Gardens being uprooted in favour of driveways and artificial grass, new research reveals

Two men riding bikes through flood water in a town.
  • A quarter (25%) of homeowners with outside space1 have turned some of their garden into a driveway
  • One in ten (10%) has replaced their garden’s natural lawn with artificial grass
  • More than half (57%) acknowledge making changes to their outside space may have an impact on the environment  

A quarter (25%) of homeowners in the UK with outside space have turned all or part of their garden into a driveway and a further 17% are planning to make this change, according to new research by Aviva. 

Worryingly, one in seven (15%) has changed part or all of their garden into a driveway with hard, non-permeable material, such as tarmac or paving, which doesn’t allow water to travel through to the soil beneath.

It’s not just driveways that are proving popular. One in ten (10%) homeowners with outside space has replaced at least some of their garden’s natural lawn with artificial grass and a further 29% plan to or would consider making the swap.

Asked why they’ve made these changes, 31% said they didn’t want the upkeep of natural lawn or gardening while 27% wanted to park their car off the road.

However, there are signs that some homeowners are bucking the trend by choosing to re-wild their outside spaces.  One in eight (12%) respondents has replaced part or all of their garden with a wildflower meadow and seven per cent (7%) have gone even further by turning their driveways into a garden with plants and flowers.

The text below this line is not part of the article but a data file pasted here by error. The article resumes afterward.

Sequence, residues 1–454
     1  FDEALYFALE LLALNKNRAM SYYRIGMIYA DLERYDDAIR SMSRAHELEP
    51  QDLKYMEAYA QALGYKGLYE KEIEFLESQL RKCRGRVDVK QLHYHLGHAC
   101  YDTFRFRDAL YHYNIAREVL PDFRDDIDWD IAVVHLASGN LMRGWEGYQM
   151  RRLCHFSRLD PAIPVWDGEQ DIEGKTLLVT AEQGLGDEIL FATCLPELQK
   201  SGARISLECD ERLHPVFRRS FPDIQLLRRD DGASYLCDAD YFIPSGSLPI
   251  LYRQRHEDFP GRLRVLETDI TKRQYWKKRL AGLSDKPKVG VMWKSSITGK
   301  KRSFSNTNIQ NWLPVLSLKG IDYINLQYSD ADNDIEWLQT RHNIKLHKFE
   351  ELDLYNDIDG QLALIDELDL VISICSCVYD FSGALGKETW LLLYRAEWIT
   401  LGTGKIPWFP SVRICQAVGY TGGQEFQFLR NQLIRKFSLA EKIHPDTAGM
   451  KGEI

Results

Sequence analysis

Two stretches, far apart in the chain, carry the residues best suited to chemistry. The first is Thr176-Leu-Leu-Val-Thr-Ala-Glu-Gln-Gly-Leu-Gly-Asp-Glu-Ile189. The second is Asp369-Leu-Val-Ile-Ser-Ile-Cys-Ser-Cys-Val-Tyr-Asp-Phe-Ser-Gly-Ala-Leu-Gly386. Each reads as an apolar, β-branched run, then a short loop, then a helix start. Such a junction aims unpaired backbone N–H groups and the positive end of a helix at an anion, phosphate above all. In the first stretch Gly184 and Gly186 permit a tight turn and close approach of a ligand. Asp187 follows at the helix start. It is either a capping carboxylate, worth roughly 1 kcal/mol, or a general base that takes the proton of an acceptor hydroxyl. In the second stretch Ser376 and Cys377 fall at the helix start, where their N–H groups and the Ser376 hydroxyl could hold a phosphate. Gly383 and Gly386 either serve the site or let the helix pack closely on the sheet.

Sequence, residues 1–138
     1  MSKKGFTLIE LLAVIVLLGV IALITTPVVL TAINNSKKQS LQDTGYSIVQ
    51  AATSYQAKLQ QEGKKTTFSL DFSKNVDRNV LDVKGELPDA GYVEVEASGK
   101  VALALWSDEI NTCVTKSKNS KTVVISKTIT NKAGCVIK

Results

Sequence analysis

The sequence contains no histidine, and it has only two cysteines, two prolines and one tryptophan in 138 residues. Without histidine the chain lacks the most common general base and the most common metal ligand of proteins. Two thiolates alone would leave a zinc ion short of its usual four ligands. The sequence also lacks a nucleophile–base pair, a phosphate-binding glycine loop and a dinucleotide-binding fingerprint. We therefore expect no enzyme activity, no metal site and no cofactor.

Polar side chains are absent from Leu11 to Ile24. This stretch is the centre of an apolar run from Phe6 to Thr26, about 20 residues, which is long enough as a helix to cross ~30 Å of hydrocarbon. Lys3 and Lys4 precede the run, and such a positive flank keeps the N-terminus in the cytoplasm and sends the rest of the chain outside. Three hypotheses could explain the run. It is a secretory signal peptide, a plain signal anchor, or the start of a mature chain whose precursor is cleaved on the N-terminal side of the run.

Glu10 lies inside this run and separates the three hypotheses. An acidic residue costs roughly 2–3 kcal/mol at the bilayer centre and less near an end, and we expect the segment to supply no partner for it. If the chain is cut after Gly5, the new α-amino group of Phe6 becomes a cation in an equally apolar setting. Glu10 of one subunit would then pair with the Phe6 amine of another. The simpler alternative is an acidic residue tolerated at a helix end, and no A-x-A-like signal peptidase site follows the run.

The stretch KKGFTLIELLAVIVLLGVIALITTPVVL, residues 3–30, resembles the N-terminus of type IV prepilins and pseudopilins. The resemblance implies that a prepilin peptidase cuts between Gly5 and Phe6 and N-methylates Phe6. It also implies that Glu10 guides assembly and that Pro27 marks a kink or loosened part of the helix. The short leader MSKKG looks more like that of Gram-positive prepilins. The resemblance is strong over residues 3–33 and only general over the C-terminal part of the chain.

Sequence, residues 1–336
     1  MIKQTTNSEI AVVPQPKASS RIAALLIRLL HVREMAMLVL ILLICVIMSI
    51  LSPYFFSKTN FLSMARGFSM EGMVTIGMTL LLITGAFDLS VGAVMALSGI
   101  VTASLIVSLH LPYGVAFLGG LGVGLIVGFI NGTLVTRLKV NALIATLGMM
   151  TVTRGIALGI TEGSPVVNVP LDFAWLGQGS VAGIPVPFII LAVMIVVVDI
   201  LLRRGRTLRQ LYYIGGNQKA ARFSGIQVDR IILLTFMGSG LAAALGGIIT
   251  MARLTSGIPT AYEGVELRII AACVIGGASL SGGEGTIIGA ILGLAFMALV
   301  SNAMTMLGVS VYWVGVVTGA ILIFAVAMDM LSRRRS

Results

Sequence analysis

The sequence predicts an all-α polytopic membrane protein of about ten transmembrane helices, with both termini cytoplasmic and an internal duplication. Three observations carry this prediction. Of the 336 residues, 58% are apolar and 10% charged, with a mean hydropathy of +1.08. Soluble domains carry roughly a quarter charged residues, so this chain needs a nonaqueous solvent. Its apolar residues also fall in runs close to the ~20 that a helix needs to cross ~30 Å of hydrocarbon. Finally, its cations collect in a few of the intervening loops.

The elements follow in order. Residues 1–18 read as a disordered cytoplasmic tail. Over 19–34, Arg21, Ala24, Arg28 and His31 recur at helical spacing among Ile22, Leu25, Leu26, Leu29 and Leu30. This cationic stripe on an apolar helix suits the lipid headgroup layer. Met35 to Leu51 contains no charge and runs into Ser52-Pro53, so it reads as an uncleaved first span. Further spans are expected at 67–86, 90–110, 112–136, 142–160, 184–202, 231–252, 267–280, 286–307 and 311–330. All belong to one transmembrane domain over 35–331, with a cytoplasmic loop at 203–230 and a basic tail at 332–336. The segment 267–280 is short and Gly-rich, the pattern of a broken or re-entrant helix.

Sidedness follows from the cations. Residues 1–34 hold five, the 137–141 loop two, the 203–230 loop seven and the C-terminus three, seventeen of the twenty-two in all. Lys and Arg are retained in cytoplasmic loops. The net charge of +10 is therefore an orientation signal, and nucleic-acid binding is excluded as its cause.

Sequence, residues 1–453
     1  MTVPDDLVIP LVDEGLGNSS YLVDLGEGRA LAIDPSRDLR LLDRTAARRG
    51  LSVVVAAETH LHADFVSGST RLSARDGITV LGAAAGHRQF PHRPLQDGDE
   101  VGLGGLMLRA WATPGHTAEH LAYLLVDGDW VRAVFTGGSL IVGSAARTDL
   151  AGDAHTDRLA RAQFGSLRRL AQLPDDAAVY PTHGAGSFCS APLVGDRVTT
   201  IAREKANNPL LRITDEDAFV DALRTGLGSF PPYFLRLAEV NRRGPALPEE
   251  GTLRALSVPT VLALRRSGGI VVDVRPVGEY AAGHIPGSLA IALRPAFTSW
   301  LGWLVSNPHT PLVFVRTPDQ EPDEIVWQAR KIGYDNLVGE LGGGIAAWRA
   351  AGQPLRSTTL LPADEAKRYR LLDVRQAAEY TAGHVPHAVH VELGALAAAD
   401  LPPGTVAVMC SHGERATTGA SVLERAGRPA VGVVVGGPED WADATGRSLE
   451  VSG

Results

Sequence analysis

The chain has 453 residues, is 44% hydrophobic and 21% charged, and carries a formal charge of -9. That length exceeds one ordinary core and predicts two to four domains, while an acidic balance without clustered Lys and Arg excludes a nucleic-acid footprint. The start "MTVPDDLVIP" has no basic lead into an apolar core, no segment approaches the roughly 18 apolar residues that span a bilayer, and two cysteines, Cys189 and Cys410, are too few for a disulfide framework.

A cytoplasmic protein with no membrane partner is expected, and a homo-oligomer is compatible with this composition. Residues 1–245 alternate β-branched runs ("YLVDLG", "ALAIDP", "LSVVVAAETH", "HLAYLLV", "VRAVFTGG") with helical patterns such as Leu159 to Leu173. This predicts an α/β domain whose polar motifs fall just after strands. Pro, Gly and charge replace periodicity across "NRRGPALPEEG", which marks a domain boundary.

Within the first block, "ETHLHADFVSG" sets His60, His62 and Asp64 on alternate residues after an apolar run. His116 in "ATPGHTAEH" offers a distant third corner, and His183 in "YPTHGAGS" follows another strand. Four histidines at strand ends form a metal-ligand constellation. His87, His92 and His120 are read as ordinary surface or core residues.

Parking takes priority over environment

But it seems for some of us, having somewhere to park our cars takes precedence over immediate environmental concerns. Although more than half (57%) of homeowners surveyed agreed making changes to their outside space may affect the environment, 39% thought it was more important to have off-road parking than consider any environmental impacts. 

Almost three in five homeowners (58%) thought making changes to their outside space had no impact on flooding in their area. This is in spite of the fact that one in five homes in the UK is at risk from surface water or flash flooding, according to Aviva flood mapping data2.. This seems to be borne out in the research too, with 15% of people surveyed saying their homes had flooded in the past, yet only 16% considered the history or possibility of flooding in the area when buying a new home.

UK homeowners with outside space

What changes have you made to your front or back garden?

Percentage of adults who have done this